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4.1.3 General Rate Eligibility
What is the General Rate of the Disability Compensation Payment?
The General Rate is the scale of compensation that takes into account both the medical impairment and life style effects of a disability to arrive at a degree of incapacity. The greater the incapacity suffered by the person, the more pension they will receive. The pension is paid in 10 percent multiples up to 100 percent. The degree of incapacity is determined in accordance with the Guide to the Assessment of Rates of Veterans' Pension (GARP). The General Rate does not have regard to whether or not a veteran is employed.More →
Eligibility criteria for the General Rate of the Disability Compensation Payment
To be eligible for the General Rate of the Disability Compensation Payment, a person must have:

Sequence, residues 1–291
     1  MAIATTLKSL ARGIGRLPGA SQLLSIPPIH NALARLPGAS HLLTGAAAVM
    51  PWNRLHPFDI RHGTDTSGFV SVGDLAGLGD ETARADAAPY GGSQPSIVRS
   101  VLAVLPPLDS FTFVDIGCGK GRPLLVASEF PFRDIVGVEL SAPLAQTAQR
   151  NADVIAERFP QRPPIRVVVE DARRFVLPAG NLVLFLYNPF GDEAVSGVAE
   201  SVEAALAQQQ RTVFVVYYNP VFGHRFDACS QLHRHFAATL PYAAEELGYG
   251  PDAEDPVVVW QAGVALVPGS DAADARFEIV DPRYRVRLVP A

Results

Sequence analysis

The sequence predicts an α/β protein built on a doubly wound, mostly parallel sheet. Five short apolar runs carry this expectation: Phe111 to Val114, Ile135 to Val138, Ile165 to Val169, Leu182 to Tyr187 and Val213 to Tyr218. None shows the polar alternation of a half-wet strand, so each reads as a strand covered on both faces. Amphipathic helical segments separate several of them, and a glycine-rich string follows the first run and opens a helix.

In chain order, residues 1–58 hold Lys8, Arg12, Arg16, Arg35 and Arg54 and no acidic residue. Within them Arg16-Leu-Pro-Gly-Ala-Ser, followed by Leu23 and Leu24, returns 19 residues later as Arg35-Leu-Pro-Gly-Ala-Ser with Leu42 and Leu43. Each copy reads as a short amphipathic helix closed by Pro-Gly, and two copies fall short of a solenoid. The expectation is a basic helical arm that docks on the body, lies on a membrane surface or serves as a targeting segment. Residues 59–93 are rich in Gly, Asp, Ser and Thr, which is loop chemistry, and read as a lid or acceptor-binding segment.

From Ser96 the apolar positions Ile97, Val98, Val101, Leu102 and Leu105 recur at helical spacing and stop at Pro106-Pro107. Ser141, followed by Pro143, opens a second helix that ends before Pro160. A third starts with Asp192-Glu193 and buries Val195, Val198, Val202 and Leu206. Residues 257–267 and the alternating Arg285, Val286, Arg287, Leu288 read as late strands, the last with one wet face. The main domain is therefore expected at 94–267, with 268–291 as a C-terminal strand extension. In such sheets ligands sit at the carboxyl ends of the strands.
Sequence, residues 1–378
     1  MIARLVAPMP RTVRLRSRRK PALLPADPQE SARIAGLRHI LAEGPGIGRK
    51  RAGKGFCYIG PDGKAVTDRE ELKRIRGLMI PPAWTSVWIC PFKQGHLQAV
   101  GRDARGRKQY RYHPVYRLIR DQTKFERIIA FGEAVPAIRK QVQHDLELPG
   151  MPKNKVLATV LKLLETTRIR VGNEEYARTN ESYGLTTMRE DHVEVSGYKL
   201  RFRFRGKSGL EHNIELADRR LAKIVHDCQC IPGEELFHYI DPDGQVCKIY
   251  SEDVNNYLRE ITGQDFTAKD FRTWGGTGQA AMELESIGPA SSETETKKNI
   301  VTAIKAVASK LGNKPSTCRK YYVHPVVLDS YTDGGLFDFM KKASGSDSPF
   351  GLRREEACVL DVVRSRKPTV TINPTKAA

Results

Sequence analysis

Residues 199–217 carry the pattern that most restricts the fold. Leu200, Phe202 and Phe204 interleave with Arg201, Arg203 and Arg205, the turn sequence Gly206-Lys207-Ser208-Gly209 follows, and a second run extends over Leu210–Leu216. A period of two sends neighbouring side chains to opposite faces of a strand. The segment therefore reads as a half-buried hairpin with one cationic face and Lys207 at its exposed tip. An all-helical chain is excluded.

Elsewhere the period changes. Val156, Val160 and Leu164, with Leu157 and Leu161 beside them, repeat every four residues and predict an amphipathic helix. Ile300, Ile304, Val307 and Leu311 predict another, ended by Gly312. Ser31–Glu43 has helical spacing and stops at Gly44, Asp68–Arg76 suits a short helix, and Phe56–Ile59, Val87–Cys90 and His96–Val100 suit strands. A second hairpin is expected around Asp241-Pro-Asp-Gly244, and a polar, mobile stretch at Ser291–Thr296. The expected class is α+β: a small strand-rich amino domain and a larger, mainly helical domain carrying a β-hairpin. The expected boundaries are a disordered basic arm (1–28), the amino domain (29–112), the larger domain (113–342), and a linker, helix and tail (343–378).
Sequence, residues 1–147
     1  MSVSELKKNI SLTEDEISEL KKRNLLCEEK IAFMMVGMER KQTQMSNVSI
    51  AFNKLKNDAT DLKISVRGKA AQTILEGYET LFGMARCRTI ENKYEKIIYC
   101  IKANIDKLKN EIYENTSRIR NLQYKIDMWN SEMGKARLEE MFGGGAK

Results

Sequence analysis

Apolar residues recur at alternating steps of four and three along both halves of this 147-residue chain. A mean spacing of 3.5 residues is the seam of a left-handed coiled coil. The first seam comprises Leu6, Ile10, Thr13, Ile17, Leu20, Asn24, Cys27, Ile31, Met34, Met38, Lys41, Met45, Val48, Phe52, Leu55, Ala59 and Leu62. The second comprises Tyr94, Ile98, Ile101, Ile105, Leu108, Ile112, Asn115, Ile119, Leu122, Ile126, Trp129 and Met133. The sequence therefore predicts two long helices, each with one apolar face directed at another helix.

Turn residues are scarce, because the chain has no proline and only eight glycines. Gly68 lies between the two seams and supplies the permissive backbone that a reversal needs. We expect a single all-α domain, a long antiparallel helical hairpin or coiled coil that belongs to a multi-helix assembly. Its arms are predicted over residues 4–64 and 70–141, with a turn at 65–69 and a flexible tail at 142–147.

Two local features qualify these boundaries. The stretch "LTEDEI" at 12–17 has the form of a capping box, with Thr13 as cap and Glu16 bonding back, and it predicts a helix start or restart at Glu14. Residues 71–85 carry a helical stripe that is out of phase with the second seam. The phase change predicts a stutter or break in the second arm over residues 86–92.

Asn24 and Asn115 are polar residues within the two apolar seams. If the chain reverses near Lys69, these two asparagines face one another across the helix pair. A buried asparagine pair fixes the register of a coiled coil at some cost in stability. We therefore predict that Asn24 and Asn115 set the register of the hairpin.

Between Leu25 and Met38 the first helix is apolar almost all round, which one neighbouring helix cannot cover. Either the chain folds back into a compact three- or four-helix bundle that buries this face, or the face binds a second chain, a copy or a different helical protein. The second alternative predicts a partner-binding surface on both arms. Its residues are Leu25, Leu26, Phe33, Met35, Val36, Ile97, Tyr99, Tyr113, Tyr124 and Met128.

- an injury or disease, or both, determined as war-caused or defence-caused; and
- all such injuries or diseases assessed and a pension rate determined according to the GARP. VEA →
Section 22 VEA General Rate of Pension
Section 9 VEA
Section 5D(2) VEA
According to subsection 5D(2), incapacity from a war or defence-caused disease or injury is a reference to the effects of that injury or disease, and not a reference to the injury or disease itself.
Guide to the Assessment of Rates of Veterans' Pensions.
According to subsection 5D(1), an injury means any physical or mental injury (including the recurrence of a physical or mental injury) but does not include:
- a disease, or
- the aggravation of a physical or mental injury.
According to subsection 5D(1), disease means:
- any physical or mental ailment, disorder, defect or morbid condition (whether of sudden onset or gradual development), or
- the recurrence of such an ailment, disorder, defect or morbid condition,
but does not include:
- the aggravation of such an ailment, disorder, defect or morbid condition, or
- a temporary departure from:
the normal physiological state, or
the accepted ranges of physiological or biochemical measures,
that results from normal physiological stress (for example, the effect of exercise on blood pressure) or the temporary effect of extraneous agents (for example, alcohol on blood cholesterol levels).